Film Review: Mumbai Salsa


Film: Mumbai Salsa


 


Director: Manoj Tyagi


 


Producer: ASA Films


 


Cast: Vir Das, Indraneil Sengupta, Ray Irani, Dilip Thadeshwar, Manjari Fadnis, Linda Arsenio, Amruta & Neelam Chauhan.


 


Rating: 2/5


 



Vikram Bhatt got it partly better this time. His maiden venture as a producer holds much more promise than his directorial ventures have in a long time and maybe the credit for it goes to his director Manoj Tyagi. Having said that, Mumbai Salsa is a feel-good but mediocre film about eight youngsters in a metro trying to find love and their triumphs and failures. Mumbai Salsa is a pub-disco that these youngsters frequent to find whatever is lacking in their lives and in a major way it also acts as a sutradhar, appearing at crucial moments.


 


Mumbai Salsa is about finding true love and being scared of it, of gender equations between lovers, difference in priorities, infidelity and perceptions of gender roles and functions of relationships shaped by cultural biases. The ensemble of characters exemplifying each of these is well-etched but remains detached. While their trials and tribulations engage you nothing really moves you nor are you rooting for anyone in particular towards the end.


 


The movie attempts to raise several questions which pertain to today’s generations, its attitudes and relationships. It speaks particularly to an urban audience mainly through a number of clichés trying hard to make a difference. The fact that the voice behind it is lesser evolved and vision far narrower lets an otherwise OK film down.


 


The mediocrity of its vision is the films biggest failing. It fails to take us beyond the problems raised with more than custom-made and didactic solutions. Secondly, the audience never really understands which is greater in the film, the context or the characters of the film. A distinct flaw of screenwriting.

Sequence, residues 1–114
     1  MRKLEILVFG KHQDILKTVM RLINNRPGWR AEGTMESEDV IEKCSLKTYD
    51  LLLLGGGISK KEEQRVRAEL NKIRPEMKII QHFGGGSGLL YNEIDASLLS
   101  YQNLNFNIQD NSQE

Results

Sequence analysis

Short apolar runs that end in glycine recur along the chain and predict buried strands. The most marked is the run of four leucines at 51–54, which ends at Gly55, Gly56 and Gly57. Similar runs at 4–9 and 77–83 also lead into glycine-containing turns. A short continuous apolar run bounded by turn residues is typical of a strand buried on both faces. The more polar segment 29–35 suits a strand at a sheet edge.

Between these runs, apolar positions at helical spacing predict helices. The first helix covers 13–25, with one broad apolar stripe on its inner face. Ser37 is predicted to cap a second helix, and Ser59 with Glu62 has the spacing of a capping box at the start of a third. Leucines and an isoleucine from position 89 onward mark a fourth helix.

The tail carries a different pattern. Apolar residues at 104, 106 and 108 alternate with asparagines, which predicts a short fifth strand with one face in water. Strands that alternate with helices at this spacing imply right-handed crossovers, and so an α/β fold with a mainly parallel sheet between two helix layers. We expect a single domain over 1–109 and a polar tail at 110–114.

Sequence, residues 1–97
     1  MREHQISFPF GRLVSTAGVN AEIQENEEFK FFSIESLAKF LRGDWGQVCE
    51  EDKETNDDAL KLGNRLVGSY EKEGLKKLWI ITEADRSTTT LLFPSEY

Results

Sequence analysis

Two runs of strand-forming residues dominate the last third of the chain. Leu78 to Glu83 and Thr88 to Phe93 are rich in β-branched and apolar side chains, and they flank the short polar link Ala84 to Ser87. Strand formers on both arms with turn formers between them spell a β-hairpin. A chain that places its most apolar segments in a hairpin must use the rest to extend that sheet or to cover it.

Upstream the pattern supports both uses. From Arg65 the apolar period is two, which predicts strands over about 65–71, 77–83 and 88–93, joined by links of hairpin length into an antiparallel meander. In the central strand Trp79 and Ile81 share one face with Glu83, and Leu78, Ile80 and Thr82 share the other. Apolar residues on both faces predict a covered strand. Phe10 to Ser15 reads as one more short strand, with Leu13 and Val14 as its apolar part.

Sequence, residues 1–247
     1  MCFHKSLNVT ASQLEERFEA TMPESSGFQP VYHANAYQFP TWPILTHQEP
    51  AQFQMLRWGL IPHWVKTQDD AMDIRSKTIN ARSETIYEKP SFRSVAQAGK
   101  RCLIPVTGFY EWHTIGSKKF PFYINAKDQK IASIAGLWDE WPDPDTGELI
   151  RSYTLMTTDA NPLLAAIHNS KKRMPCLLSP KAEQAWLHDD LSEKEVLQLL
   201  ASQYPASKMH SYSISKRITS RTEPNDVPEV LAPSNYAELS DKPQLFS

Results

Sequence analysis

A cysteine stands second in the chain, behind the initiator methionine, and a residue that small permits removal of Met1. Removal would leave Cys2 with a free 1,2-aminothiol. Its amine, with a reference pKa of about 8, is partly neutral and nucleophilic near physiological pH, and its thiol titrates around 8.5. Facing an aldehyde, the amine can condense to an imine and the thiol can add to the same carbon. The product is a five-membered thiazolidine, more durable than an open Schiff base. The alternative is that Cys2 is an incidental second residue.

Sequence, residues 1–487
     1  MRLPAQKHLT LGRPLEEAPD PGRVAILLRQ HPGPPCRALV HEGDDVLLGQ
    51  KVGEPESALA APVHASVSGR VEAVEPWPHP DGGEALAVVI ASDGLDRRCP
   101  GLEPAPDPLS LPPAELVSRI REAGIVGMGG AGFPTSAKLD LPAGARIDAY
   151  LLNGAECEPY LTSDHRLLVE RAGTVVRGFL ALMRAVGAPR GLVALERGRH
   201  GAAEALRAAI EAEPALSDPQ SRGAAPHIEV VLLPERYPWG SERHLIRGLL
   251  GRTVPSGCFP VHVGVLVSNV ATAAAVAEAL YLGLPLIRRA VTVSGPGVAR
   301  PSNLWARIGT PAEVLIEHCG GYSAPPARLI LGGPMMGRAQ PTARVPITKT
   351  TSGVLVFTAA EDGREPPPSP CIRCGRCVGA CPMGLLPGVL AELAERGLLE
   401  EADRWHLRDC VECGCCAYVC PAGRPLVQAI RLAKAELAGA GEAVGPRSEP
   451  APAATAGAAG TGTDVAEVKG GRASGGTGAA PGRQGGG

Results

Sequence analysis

The film, with its subject, tone of voice, and primary concerns recalls the recently-released Metro much to its own discredit because the former neither has the form, class or poise of the latter and what it has of its own is not really worth it. The production values are tasteful and carry the audience through till the ending. That, coupled with fresh faces invites interest in the film, helping it roll along.


 


The casting is a mixed bag of sorts. While the girls impress through and through from the lead actress Manjari Fadnis to Amruta Khanvilkar to Linda Arsenio to even VJ Neelam Chauhan, the boys somewhat disappoint. The lead actor Vir Das constantly reminds one of a watered down version of Rahul Bose with his anglicized Hindi and urban mannerisms that don’t quite gel to make him believable or endearing. Indraneil Sengupta is below average in the acting department and so is Dilip Thadeshwar. Ray Irani manages to pull off his role due to the inherent flair in his character and that’s it. On the other hand Manjari, Amruta and Linda quite impress with the control they display over their characters and succeeding in making them almost lovable.


 

Technically, the film is not inspiring either. Cinematography is competent except that at times one wonders whether focus is soft or it is the work of some wondrous filters. Nevertheless, art direction has class and costumes finesse. Music is different from the rest of the dhin-chak we hear but not enough to become chartbusters or remain in the memory. Overall, the film is an average product that tries to speak to a niche urban multiplex audience and address their concerns. Sadly, it does not take-off at any level to appeal to its target emotionally or intellectually making it a dud at the box-office especially as the masses are going to remain away for sure. The writer of Page 3, Apaharan and Corporate could have definitely done better.

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